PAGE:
ACC pays out after seven days versus private insurance that pays only after 30 days off work (at best). ACC covers you even if you have risky hobbies such as motor sport or mountaineering.  Most private insurers would exclude these types of hobbies. ACC also has an accidental death benefit built in as well.

The other thing we see is clients with back and knee exclusions on private cover, and advisers suggesting reducing ACC, just based on a short term premium savings on ACC. This doesn’t always bring about the best outcome.

ACC is a complex product and needs specialist advice.  Before you change ACC because of a sales pitch, ask for a written report, as for the proof that the person actually knows ACC in depth.   Make sure you are talking to someone who really knows the complexities of ACC and not just someone using ACC as a way to make a sale.

If you want quality ACC advice, or you want to double check what you have had recommended, give us a call and we can refer you to a firm that does nothing but handle ACC. 

John Barber

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Why invest in farming

It’s often overlooked because it’s not particularly sexy to mainstream investors, but there is huge opportunity in global farmland and sustainable farming.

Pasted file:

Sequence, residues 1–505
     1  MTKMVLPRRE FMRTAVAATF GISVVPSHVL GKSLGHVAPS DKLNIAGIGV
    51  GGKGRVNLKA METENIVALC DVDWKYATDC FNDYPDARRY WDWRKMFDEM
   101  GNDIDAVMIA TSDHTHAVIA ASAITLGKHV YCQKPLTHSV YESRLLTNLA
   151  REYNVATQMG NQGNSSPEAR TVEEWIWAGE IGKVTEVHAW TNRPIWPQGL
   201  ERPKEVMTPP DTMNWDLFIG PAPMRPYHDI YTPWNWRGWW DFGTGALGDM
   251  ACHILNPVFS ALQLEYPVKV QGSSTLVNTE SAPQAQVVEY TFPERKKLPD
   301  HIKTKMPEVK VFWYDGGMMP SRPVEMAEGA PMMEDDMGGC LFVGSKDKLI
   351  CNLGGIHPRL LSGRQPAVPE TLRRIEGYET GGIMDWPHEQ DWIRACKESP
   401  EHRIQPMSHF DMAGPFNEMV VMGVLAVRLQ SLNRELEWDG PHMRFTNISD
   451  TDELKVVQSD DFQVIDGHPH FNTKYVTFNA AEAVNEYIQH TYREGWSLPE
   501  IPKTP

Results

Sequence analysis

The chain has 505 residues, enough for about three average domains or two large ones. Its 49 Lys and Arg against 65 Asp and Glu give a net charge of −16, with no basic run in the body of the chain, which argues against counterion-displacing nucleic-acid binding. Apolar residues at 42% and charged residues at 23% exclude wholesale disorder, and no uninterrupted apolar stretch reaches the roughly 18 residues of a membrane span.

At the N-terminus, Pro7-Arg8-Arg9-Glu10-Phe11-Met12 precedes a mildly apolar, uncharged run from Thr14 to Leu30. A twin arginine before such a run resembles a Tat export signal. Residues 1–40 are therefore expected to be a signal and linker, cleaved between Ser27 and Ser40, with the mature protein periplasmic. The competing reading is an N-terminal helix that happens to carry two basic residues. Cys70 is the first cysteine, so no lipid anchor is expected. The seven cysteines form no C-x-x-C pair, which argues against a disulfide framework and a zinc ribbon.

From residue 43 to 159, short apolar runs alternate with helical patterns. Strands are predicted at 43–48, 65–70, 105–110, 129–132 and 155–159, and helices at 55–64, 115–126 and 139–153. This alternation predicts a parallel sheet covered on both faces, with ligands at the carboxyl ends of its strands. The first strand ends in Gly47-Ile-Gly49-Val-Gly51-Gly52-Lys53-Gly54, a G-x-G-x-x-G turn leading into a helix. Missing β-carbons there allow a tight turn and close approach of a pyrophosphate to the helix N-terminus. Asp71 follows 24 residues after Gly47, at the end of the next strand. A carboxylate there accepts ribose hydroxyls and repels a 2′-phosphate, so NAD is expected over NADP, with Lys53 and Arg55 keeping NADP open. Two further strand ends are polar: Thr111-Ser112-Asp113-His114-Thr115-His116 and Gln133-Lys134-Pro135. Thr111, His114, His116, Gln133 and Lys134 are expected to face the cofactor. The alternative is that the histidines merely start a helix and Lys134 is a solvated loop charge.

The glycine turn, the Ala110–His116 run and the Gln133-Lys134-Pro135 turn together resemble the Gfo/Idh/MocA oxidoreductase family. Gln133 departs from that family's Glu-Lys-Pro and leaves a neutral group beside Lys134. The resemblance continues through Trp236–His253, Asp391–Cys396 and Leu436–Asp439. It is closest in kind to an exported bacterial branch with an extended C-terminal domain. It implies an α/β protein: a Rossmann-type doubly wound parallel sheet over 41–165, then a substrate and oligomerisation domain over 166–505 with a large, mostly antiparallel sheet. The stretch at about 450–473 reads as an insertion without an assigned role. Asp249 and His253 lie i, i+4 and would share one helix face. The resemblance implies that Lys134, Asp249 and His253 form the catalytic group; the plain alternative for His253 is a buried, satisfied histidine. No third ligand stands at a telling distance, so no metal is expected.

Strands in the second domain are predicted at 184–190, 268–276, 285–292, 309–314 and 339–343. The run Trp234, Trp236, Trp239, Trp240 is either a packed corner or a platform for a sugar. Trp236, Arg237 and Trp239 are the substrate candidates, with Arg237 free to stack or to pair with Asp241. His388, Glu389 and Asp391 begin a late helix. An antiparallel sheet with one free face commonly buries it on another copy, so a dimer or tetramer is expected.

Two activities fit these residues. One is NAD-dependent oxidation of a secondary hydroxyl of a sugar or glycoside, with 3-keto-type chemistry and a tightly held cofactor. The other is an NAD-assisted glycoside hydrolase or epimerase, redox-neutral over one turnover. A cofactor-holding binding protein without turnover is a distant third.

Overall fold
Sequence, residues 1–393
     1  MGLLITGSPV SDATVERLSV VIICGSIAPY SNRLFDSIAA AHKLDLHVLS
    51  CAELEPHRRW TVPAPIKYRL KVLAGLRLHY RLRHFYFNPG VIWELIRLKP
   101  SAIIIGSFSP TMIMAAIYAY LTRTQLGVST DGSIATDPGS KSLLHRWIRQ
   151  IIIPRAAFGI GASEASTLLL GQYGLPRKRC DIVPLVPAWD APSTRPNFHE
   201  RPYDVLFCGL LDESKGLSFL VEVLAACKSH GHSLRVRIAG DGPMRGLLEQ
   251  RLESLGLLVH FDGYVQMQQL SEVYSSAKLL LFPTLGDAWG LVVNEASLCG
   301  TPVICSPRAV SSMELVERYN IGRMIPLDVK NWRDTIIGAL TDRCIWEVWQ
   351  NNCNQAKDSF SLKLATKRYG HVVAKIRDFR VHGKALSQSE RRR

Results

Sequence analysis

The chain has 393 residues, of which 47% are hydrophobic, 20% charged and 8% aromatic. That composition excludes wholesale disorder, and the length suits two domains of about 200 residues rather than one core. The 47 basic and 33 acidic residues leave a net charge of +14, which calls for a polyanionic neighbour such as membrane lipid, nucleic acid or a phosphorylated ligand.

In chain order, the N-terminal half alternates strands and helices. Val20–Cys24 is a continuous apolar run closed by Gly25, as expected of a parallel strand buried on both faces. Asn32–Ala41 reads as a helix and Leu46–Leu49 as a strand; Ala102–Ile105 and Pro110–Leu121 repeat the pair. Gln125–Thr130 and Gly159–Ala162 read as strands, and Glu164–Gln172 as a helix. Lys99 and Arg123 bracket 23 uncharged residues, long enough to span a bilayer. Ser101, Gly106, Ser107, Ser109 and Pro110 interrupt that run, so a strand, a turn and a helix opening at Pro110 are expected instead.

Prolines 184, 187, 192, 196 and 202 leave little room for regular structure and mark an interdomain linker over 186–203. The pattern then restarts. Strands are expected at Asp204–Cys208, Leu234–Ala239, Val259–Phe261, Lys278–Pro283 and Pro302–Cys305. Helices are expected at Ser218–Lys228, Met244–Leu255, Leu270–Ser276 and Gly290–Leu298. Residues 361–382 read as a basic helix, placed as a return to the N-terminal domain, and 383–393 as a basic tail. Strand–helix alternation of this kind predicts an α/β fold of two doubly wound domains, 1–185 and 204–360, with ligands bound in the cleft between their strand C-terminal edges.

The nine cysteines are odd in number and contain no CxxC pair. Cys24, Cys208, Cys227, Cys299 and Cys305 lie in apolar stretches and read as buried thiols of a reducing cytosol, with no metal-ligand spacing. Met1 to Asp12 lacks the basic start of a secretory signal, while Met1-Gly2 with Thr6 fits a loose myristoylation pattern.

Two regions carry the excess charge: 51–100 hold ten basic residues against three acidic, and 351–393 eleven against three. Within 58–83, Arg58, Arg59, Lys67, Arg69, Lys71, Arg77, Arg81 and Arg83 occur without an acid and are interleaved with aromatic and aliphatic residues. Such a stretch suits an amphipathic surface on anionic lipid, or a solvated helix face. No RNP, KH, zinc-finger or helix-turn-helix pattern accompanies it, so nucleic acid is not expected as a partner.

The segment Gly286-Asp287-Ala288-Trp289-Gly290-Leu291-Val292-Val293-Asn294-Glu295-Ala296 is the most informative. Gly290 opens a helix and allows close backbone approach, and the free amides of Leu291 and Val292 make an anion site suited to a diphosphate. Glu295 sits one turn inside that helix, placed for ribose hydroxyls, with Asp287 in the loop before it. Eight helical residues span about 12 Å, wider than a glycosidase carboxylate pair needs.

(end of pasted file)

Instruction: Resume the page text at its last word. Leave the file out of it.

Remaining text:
You see, global population has increased at a staggering rate over the past century, with an increase of one billion in the past decade alone and a projected world population of nine billion people by 2050. Yet today’s global food production continues to leave over a billion people undernourished.


There has also been a proliferation of a new middle class with increased purchasing power in emerging markets, coupled with a shift in dietary trends, which has increased the demand for meat.

This global population growth and an increasing reliance of the global livestock industry on grains for feeding its livestock has, in turn, led to an increased demand for grains that will continue to trend upwards.